Author, Beautiful Lies, (2014)
Runway model for Nina Blanchard of Los Angeles
Ford New York, Fashion Milan and NOVA Models of Munich
Worked for Giorgio Armani on runways in Milan
Appeared in TV commercials for Coca-Cola, Mercedes Benz, and Oil of Olay
Appeared in Vogue, Glamour, and Seventeen
Founder of Jennifer Strickland Ministries; M.A., Writing and Literature, USC
BA, Broadcast Journalism, USC
Mother of three: Olivia, 12, Zach, 11, and Samuel, 3
The Beautiful Lies We are Sold
By Mimi Elliott
The 700 Club
- The First Lie: You are what man thinks of you. When Jennifer was a runway model she lived to please the kings of the modeling industry such as Giorgio Armani. Her body became skeletal, her eyes sunken and hollow as she tried to maintain the industry standards for models. She began to have headaches, blurred eyesight and cystic acne. After becoming a Christian she began to see her value as God intended it to be. Women are made in the image of God; we are not reflections of man.
- The Second Lie: You are what you see in the mirror. To prepare for the Armani fashion shows, Jennifer engaged in eccentric starvation and obsessive exercise. After leaving the modeling industry, she chose to stop fixing her eyes on herself and turned her attention to God and his dreams for her. God delivered her from torturing her body to be thin.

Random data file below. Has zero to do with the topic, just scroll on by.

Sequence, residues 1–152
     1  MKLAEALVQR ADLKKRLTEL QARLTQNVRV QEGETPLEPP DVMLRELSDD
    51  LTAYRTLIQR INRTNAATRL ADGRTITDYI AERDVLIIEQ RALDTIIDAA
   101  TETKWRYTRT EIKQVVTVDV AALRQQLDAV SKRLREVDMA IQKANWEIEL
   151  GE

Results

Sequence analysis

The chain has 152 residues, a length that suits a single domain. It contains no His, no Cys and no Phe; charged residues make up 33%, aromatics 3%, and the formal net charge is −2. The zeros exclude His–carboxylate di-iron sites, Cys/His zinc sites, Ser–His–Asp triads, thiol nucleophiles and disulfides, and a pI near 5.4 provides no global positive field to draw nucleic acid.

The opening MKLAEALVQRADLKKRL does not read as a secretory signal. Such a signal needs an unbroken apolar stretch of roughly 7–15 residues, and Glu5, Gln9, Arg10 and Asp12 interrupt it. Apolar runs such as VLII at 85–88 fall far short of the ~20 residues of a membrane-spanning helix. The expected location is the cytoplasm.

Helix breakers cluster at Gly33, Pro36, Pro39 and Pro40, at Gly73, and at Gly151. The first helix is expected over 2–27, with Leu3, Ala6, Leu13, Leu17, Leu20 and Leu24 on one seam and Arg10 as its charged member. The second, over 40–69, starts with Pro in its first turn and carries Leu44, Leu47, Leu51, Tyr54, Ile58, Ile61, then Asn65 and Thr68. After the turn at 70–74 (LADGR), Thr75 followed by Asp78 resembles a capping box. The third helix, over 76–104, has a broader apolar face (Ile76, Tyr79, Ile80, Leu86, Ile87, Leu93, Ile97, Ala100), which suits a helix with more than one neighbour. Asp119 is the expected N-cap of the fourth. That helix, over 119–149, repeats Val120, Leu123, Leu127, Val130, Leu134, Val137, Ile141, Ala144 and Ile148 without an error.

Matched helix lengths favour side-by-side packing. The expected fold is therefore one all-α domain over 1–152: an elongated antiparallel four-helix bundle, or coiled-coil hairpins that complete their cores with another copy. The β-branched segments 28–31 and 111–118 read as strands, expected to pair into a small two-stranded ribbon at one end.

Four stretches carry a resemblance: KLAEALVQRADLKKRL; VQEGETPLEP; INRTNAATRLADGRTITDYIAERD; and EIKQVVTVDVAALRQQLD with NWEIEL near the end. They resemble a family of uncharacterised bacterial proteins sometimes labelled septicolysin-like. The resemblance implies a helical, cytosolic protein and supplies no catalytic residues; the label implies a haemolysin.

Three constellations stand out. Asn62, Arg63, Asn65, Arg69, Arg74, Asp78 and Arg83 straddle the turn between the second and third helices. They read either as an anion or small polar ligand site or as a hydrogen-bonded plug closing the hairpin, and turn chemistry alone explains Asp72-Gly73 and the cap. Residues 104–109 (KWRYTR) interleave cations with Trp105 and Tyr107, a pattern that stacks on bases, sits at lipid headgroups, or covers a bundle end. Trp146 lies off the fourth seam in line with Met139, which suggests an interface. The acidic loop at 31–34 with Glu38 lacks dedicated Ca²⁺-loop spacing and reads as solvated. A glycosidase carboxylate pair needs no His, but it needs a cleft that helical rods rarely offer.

- The Third Lie: You are what magazines tell you. The magazines project an unrealistic image of beauty. The more we turn inward, we feel less than beautiful ourselves. “Despite what the magazines say about you, we find out who we are and what our value is in the reflection of who God is,” reveals Jennifer.
- The Fourth Lie: You are the mask you wear. Although the modeling world offered travel, money and prestige, deep down Jennifer grew to loathe the masquerade. “If I felt degraded or disregarded or disgusted, I had to smile and make nice. I had to stuff my emotions to the point that I became sick,” shares Jennifer. Too many women and girls are afraid to speak the truth about what hurts they have buried because they fear rejection, shame and blame. Jennifer says it took years for her to tell the truth of her experience but when she did, the journey of healing began.